Ka-26 - Two 240kW (325hp) Vedeneyev M14V26 radial piston engines driving two counter rotating main rotors.
Ka-26 - Max level speed 170km/h (90kt), max cruising speed 150km/h (80kt), economical cruising speed 90 to 110km/h (60 to 70kt), typical agwork operating speeds 30 to 115km/h (15 to 62kt). Service ceiling 9840ft. Range with seven passengers and reserves 400km (215nm), max range with auxiliary fuel tanks 1200km (647nm). Endurance at economical cruising speed 3hr 40min.
Ka-26 - Main rotor diameter (each) 13.00m (42ft 8in), fuselage length 7.75m (25ft 5in), height 4.05m (13ft 4in). Disc area of each main rotor 132.7m2 (1430sq ft).
Ka-26 - Seating for eight including one pilot and passenger separated from modular main cabin which seats six. For agwork can be fitted with a 900kg (1985lb) capacity hopper and spraybars in place of cabin. In air ambulance configuration can accommodate two stretchers and three seated casualties or medical attendants. For freight work it can carry a sling load or be operated with an open platform in place of the cabin module.
Ka-26 - Estimated 850 built for civil and military roles, with operators in over 15 countries.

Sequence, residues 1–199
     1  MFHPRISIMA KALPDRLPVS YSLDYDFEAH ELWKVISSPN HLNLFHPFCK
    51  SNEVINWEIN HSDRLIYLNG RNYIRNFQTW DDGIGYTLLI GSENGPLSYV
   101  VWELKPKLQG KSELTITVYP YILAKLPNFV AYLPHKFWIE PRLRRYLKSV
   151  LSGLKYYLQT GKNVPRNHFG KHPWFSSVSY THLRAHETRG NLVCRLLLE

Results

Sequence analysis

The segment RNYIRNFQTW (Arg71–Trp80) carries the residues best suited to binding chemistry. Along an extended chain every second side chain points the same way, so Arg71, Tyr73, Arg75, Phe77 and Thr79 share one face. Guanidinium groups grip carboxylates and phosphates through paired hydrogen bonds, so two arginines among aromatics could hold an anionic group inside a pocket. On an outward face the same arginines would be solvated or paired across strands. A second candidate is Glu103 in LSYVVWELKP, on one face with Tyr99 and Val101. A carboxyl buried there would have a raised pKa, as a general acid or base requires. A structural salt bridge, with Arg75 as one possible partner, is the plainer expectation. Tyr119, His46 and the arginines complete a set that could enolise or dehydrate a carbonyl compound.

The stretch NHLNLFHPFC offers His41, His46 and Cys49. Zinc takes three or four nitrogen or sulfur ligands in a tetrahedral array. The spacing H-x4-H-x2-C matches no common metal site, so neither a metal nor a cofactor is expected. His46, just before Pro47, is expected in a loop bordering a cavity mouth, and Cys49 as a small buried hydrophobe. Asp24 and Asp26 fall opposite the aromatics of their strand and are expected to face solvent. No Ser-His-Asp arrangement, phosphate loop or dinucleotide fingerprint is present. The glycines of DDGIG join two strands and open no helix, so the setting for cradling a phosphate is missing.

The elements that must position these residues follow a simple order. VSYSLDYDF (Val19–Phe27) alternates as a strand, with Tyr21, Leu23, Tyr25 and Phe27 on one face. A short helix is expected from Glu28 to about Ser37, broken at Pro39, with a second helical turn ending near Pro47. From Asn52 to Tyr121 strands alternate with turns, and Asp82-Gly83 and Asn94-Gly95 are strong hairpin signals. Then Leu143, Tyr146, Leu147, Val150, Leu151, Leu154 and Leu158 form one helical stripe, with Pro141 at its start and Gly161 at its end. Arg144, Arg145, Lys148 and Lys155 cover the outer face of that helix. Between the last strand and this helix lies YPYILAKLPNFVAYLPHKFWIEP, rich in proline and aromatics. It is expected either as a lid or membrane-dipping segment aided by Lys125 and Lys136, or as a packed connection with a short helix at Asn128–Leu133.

Light twin engine utility and training helicopter
The unusually configured but useful Kamov Ka26 remains in widespread civil service in many former Soviet states.
The Ka26 (which has the NATO code name `Hoodlum') first flew in prototype form in 1965, but it did not enter service until 1970. However since then approximately 850 have been built for mainly civil service.
The uniquely configured Ka26 features two counter rotating main propellers, a Kamov characteristic that negates the need for an anti torque tail rotor. Other features include the two podded radial piston engines mounted either side of the fuselage, and the removable and exchangeable rear fuselage.
The interchangeable cabin means that the Ka26 can perform a wide variety of missions, including passenger and freight transport, air ambulance, aerial survey, and search and rescue among others with a special mission specific rear fuselage pod fitted as needed. The fuselage pod can also be removed and the aircraft instead equipped with a chemical hopper and booms for crop spraying, or it can work as an aerial crane and can also carry sling loads of freight.
The Ka26 is no longer in production, although it has been developed into the turbine powered and modernised Ka126 which first flew in 1986. Development of the Ka-126 continued into the mid 1990s but production was never undertaken.
Kamov is currently working on the improved Ka-226A. Enhancements include a new rotor system with hingless hubs and glass fibre blades, changes to the airframe including a reprofiled nose. Power is from two 335kW (450shp) Allison 250-C20R/2 turboshafts. First flight was on September 4 1997.